Over the next couple weeks, Camden Depot will be offering a series of offseason acquisition blueprints for the Orioles to follow from our stable of writers (attn: Dan Duquette, these are free to use). At the end of the series, Jon Shepherd will review the different plans and choose the direction that makes sense for the franchise (attn: Peter Angelos, I am available to be a General Manager, Major Domo, or whatever you wish to call that position these days). Under consideration are choices in handing out Qualifying Offers, releasing players, free agent targets, and finding a way to fit within what a realistic, though a bit generous budget of 160 MM (counting deferred money just to make things easier). Readers, oh readers, if you feel the urge to write in a plan, send it to CamdenDepot@gmail.com. Do it well and we just might highlight you as an outside consultant in a post.
Before I continue, please take a look at last year's offerings.
Option 1: Seeking A Cornerstone
Option 2: Building A Rotation
Option 3: Building Major League Depth And A Minor League System
Option 4: Well Rounded And Not Tied Down
Option 5: Purchasing Innings In Bulk
Option 6: Trying To Make Chicken Salad
Options 7a/b/c: Shepherd Seeks A Few Outside Consultants
Our Camel: Shepherd Decides the Decision
Last year, the Orioles wound up with the following decisions:
1B: Chris Davis
LF: Hyun Soo Kim
RF: Mark Trumbo
DH: Pedro Alvarez
SP: Yovani Gallardo
RP: Darren O'Day
This batch of free agents surprised us at the Depot because it overshot our budget estimate by about 35 MM, which was partially absorbed by Matt Wieters saying yes to the QO. It was the first major step up in payroll for the club in years. With a much smaller budget, I went with 1B being an overlap of Steve Pearce and Byung Ho Park. Compared to Davis, this decision at the moment looks pretty favorable for me. Davis had an fWAR of 2.7, but Pearce/Park managed 2.1 on about 200 fewer PAs and at half cost. Anyway, Park faded quickly and went to the minors while Pearce returned to form as a top notch hitter who was only undone by the Orioles forcing him to play the outfield with a bum arm.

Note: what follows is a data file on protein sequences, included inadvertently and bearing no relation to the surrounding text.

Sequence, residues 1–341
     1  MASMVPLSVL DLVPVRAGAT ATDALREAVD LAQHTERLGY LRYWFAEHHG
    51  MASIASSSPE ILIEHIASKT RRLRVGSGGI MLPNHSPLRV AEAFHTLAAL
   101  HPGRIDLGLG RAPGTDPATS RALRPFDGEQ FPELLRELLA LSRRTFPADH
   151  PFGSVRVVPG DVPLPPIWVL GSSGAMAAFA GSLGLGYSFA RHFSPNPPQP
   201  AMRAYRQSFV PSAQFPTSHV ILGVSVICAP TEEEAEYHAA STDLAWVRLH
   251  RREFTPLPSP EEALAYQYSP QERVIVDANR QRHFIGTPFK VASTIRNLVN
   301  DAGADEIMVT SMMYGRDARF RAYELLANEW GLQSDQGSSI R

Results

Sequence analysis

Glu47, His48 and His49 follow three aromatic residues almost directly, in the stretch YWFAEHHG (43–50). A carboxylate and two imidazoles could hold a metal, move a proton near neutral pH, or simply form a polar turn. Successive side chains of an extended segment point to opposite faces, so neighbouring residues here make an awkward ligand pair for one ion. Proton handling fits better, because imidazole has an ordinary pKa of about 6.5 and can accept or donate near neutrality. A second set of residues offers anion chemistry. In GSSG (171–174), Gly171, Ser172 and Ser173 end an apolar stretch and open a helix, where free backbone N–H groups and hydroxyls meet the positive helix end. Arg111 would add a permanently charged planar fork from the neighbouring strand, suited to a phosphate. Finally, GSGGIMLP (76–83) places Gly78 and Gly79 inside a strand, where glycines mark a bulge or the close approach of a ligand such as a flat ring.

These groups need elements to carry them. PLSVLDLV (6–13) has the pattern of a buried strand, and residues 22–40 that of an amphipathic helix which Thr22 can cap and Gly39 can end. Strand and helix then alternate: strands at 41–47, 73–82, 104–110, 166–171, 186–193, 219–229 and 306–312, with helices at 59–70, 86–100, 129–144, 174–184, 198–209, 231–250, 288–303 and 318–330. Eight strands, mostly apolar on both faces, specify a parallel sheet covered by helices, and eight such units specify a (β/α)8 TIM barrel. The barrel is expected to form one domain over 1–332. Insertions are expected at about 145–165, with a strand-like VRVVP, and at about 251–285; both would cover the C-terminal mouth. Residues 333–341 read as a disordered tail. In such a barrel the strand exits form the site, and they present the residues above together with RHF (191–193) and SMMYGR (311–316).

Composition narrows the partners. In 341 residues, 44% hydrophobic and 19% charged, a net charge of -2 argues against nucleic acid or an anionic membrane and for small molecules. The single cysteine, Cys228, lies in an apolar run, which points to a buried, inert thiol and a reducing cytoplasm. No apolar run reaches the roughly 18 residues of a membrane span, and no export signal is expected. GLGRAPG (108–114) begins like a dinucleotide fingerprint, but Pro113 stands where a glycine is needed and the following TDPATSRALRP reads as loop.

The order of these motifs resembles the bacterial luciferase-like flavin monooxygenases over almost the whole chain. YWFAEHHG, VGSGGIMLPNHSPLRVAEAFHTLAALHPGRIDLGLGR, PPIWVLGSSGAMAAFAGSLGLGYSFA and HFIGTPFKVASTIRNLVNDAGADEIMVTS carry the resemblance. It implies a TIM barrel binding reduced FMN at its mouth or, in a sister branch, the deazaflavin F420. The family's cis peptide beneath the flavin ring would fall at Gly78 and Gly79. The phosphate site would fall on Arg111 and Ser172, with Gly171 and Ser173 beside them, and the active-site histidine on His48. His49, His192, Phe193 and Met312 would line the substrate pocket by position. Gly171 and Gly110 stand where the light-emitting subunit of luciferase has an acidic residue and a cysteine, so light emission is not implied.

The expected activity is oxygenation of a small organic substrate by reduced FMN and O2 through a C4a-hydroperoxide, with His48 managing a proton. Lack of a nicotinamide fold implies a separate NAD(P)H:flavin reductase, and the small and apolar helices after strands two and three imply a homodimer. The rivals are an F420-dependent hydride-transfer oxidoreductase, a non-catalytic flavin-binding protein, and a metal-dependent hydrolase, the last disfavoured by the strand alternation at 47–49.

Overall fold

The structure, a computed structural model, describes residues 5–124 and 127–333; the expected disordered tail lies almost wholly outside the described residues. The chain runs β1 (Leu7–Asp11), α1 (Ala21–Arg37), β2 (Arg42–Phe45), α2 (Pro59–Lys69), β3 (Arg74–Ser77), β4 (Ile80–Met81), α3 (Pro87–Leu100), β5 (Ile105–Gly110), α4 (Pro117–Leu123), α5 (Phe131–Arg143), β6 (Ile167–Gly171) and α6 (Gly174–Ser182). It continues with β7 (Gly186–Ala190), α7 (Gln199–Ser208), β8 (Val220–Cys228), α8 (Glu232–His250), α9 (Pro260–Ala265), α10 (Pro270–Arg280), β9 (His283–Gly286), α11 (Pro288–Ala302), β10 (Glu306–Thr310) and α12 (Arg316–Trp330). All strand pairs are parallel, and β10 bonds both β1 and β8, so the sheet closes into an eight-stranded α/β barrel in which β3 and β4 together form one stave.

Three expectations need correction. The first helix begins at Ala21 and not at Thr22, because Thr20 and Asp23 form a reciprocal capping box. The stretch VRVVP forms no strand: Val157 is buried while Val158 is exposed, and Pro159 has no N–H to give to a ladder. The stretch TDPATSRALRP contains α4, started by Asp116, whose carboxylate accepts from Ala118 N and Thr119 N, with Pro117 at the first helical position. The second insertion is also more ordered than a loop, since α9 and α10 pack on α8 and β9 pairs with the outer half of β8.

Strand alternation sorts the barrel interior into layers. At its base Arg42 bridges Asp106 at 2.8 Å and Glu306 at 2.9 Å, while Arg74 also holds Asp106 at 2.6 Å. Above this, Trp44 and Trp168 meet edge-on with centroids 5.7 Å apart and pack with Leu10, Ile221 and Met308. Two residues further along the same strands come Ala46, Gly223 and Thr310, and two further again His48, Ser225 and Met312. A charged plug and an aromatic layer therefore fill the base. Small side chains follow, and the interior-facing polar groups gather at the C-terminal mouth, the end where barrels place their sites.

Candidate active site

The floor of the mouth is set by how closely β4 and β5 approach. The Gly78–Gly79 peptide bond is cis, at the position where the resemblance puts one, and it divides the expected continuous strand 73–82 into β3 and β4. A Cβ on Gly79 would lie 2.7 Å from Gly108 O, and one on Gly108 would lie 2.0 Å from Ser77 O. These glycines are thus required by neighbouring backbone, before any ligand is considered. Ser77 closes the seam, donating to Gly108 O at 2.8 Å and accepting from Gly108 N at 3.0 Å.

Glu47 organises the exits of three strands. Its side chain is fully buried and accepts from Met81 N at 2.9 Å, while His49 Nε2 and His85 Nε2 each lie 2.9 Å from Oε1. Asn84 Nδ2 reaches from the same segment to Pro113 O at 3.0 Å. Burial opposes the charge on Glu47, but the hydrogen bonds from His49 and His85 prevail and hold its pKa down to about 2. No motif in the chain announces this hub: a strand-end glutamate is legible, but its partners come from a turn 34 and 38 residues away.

For the corner outfield, things would have been interesting. The Orioles chose to go with Kim and Trumbo, which was actually a rather modest success. I think if the Joey Rickard experiment went better it would have been a solid option. Instead, the corner outfield positions produced about 2.8 fWAR total, which means below average production. My idea was to bring on Ben Zobrist and Matt Joyce while also sprinkling in some Steve Pearce and maybe Jonathan Schoop. Zobrist wound up supposedly ignoring teams that wanted to place him anywhere other than second base, so this might not have been the easiest thing to pull off.
For Joyce, the Pirates found that he and the outfield is like oil and water. He was simply terrible out there even though his bat was pretty remarkable. He got in 140 games, but averaged only two PA a game. That is an old school professional hitter for you. He would have slotted over to designated hitter once his fielding issues became more obvious. Zobrist would have been a godsend for the club. He would have been the second best player on the team with an fWAR of about 4.0. Who knows if the club could have convinced him to play right field or if Jonathan Schoop could have adapted to that position. But it bears saying that Zobrist alone significantly outperformed what the Orioles put together for the outfield.
Finally, pitching is where I screwed up. I went with Mat Latos on a 1/9 deal. He was terrible. Though that was less terrible than giving up a draft pick and two years on a similar deal to Yovani Gallardo. Additionally, the club got a forgettable season by Darren O'Day. I consider this a win as well.
What is remarkable is that when you consider the positive contribution of Pedro Alvarez, the Orioles' offseason and this blueprint come in about the same. I give the nudge to our blueprint because it was about 20 MM cheaper and did not burden the club with questionable long term or multiple year contracts. In fact, our projection model put this club at an 89-73 record, which is exactly what the club finished up with.
If I knew the budget was another 20 MM above where we pegged it, what would I have done? Easy, my thought process would have led me to signing J.A. Happ and Scott Kazmir in place of Mat Latos. How would that have played out? Happ was a Cy Young candidate and would have been in contention with Tillman as being the best pitcher on the team. He would have made the club knocking on the Red Sox door for the title. Scott Kazmir would have really been the most desirable option for me, but he did not perform as well as Happ did. Still, he did better than what the Orioles often trotted out there. I would contend that such a roster probably would have overtaken the Red Sox, but maybe not.
In the end, you can see the final outcome was one that was actually pretty realistic and on similar terms with what the Orioles wound up doing. Surprising to me, I think the plan we came up with at Camden Depot was a better plan than what turned out as the Orioles' final club. Certainly, some differences could have push the Orioles over, such as securing Dexter Fowler. That move would have put our plan and the Orioles' actions on equal footing when you would consider our additions of Happ and Kazmir.
Who knows whether 2016 was just a lucky year for the Depot. Over the next couple weeks, we shall see what the writers come up with and what I wind up deciding.